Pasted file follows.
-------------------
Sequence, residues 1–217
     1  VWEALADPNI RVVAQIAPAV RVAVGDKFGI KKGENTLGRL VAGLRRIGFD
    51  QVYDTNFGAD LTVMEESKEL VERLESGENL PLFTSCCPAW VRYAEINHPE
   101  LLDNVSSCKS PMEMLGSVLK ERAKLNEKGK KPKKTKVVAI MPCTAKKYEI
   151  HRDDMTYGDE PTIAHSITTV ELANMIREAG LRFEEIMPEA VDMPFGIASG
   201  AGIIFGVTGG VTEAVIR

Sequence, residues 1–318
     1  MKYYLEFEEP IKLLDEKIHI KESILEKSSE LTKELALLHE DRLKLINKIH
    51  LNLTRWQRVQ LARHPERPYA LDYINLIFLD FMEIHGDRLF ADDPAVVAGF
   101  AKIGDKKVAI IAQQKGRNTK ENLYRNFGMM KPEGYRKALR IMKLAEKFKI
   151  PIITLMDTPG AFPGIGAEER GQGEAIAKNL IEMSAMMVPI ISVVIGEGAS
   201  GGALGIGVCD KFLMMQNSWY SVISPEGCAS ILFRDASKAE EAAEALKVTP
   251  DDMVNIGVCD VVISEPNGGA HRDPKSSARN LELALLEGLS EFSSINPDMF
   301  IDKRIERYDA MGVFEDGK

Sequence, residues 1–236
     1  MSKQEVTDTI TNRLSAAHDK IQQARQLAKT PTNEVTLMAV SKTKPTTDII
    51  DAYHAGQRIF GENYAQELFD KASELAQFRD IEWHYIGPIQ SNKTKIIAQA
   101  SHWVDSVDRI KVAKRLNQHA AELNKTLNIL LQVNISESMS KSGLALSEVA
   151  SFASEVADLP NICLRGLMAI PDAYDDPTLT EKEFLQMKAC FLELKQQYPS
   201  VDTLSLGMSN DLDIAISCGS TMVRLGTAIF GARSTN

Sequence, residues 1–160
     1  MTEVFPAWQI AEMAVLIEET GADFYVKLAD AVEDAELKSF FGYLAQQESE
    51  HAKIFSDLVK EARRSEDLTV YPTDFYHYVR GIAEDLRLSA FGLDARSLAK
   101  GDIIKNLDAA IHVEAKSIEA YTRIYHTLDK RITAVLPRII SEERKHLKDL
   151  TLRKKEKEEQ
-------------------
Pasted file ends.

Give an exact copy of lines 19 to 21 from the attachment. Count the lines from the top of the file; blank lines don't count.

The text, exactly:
   151  SFASEVADLP NICLRGLMAI PDAYDDPTLT EKEFLQMKAC FLELKQQYPS
   201  VDTLSLGMSN DLDIAISCGS TMVRLGTAIF GARSTN

Sequence, residues 1–160